Youth Sports: Just for Fun or Always for the "W"
There are strong arguments to support both sides of whether or not it is human nature to be competitive. However, just being competitive alone is not a deciding factor on whether or not participating in an organized sport programs will lead children to value winning more than playing fair or having fun. There are many variables that need to be considered starting with the mindset of the organization, the mindset of the athletic director or director of coaching, the mindset of the coaches, the mindset of the parents, the mind set of the family, the mind set of teachers and other educators in the athletes life, the mind set of friends, the mind set of the team, the mindset of the players closest to the athlete, and the mindset of the players themselves. Keeping in mind chapters 1-4 of Jowett and Lavallee’s Social Psychology in Sport we will focus primarily on how the Coach-Athlete relationship impacts turning something that is meant to be fun and teach fair play into a win at all costs culture or mindset.
After running youth sports organizations and coaching three different sports for almost 20 years, with little athletic ability, I can say that it is up to the coach to set the value of the lessons taught and how they should be understood, applied, and enjoyed. I have witnessed countless coaches through the years coach the win and not the athlete. Allowing the athletes with the most perceived talent and abilities to play a majority of the game. I have also witnessed countless coaches coach the athlete, their well-being, and the overall love for the sport and team. I have seen many variations on both themes as well. No matter the outside influences on the athletes and team, it is the coach’s responsibility to set the tone and attitude of what truly matters in this form of competition. The coach determines whether the focus should be on training to win, or training for the fun of the playing experience and development of fair play.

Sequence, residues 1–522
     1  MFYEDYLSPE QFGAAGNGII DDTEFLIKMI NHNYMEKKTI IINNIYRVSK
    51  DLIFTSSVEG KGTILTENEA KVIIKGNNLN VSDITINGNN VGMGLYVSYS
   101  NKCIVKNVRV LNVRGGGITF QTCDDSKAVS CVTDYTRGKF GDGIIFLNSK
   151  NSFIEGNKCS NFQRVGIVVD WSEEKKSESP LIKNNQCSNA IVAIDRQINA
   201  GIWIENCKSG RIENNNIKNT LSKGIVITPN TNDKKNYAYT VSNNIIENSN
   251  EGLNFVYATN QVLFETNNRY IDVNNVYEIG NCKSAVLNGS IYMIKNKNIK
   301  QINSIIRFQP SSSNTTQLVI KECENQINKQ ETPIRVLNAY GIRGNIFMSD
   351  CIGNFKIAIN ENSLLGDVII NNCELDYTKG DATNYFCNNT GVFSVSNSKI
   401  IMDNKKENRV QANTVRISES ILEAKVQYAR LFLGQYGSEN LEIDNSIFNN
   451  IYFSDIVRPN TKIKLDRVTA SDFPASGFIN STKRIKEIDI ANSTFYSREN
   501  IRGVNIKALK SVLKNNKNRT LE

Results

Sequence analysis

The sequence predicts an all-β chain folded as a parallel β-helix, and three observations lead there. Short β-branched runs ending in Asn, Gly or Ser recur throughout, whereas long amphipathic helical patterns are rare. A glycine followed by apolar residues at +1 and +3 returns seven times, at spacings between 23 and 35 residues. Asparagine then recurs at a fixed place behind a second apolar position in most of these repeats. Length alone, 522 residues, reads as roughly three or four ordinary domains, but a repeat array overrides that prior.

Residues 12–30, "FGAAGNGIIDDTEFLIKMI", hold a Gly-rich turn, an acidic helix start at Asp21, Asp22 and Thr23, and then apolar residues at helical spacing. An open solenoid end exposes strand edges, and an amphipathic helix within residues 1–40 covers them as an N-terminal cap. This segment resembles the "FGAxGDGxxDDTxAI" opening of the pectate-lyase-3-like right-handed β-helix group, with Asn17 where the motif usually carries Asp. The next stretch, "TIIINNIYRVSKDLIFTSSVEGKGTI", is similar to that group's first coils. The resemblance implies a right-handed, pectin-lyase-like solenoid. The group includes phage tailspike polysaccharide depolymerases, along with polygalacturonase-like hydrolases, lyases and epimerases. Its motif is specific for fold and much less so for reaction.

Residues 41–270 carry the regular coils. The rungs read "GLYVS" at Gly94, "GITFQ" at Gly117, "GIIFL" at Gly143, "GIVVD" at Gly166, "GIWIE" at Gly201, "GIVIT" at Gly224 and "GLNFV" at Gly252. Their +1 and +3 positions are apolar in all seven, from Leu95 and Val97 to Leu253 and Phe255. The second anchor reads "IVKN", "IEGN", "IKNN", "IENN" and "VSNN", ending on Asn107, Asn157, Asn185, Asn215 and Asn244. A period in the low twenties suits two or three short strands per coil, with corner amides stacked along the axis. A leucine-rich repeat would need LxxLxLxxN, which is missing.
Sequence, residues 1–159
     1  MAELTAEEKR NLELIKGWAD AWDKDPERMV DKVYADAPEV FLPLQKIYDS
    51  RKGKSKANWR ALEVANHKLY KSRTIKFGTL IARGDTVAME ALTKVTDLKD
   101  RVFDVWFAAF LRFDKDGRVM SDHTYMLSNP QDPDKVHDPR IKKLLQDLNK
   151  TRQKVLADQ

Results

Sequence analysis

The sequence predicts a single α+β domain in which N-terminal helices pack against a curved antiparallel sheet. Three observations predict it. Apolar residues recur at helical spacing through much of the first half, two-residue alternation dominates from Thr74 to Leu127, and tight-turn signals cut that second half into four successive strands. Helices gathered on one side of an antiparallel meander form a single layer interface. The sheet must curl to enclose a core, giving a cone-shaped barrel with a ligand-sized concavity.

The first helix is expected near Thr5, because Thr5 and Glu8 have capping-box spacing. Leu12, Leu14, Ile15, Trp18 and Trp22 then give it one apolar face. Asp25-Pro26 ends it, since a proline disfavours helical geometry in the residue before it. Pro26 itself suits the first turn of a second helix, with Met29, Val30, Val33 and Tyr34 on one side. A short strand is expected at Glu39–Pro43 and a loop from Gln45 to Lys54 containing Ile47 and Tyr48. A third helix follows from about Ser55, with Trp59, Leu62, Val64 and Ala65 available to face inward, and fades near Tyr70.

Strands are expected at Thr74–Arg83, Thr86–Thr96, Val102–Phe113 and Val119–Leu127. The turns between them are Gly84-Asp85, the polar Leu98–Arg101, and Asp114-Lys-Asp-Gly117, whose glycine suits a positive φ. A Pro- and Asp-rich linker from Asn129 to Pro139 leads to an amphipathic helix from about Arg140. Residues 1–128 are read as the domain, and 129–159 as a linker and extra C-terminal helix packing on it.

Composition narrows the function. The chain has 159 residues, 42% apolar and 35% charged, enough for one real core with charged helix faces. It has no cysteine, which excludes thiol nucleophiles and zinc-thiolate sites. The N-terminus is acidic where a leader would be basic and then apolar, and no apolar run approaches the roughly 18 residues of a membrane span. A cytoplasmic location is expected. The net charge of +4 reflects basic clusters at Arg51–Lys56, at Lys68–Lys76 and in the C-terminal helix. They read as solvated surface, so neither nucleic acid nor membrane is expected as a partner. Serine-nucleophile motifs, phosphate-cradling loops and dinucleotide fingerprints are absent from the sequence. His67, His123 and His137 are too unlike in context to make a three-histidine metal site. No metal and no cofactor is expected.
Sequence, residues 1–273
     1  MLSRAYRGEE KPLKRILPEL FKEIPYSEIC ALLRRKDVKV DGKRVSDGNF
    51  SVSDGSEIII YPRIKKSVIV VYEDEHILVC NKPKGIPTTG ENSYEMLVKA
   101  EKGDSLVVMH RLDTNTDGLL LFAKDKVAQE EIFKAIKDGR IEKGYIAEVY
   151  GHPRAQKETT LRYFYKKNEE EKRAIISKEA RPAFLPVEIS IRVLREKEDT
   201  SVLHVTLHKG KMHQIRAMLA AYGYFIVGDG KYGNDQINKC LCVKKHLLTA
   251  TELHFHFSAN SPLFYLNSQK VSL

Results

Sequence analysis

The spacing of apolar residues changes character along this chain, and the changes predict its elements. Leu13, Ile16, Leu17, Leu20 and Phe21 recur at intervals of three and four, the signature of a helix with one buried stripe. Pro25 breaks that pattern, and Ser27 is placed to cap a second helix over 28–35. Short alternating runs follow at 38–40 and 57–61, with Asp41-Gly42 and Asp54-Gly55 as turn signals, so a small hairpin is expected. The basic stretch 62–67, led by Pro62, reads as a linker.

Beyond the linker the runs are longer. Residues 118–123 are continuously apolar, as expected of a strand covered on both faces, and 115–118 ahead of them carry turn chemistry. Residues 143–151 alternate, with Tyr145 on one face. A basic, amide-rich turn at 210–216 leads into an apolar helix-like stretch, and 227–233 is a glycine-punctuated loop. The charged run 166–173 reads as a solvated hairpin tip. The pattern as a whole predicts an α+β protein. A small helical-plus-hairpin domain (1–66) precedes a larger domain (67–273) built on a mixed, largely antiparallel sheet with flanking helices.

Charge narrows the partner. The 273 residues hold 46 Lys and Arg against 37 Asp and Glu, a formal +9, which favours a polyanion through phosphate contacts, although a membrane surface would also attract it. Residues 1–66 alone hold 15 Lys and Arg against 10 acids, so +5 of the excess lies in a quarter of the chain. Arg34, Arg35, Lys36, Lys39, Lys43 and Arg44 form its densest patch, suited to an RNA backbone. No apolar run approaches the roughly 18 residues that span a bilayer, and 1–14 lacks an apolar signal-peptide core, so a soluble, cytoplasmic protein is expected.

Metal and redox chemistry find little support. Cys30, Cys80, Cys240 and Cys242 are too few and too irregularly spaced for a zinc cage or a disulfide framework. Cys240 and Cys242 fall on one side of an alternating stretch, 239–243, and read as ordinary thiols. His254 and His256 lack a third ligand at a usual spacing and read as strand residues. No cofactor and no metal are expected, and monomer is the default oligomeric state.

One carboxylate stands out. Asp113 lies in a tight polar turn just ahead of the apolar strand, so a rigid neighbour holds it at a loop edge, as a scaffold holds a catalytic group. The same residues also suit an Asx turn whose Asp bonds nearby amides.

I have coached both recreational and competitive youth soccer. I have had teams and players that have struggled throughout the season. I however coached the athletes, the individual players and took interest in them beyond the pitch. I made sure they knew that if they played for their enjoyment of the sport and the enjoyment of those around them, they could never lose a single game because the scoreboard was not what mattered. What mattered was their ability to go home, look themselves in the mirror, know they gave it everything they could, and had fun doing it. That is what winning looked like. The funny thing is through the years of using this coaching style I was able to take countless teams of misfits, discarded players, even players other coaches deemed unathletic and make success athletes out of them. Teams that went from scoreboard losses of 4 to 8 points to the reciprocal scoreboard wins.
I have a one particular success story of a young man who had quit playing soccer after several years of coaches and his father constantly telling him how he should play, how often he should practice, what he should practice, and what he should play. He lost his love for the sport and doubted his talents and he just gave up. He came to one of my practices with a friend one day and was completely floored by the fact I never yelled, never forced them to run, never forced them to practice, encouraged them to talk and horse around. What really threw him for a loop was the fact they wanted to practice, they were setting up their own drills, helping each other learn, and teaching me when they could. This young man came to a few more of our practices before requesting to join our team. He played with me the rest of this year and rediscovered his passion for the sport. Now 7 years later he was recently signed and playing pro football in Spain.
Obviously, this young man got himself where he is today. However, his passion was taken from him early on because he was not ready for the type of coaching style he experienced early on. Once he was able to see what the game truly could hold for him, his passion returned and he was able to use that and his talents to pursue his future. The coach and their coaching style really play an intracule role in how an athlete will value winning. Coaches help to shape the mindset of their players and determine the atmosphere they want their team to have on the field for games and at practice.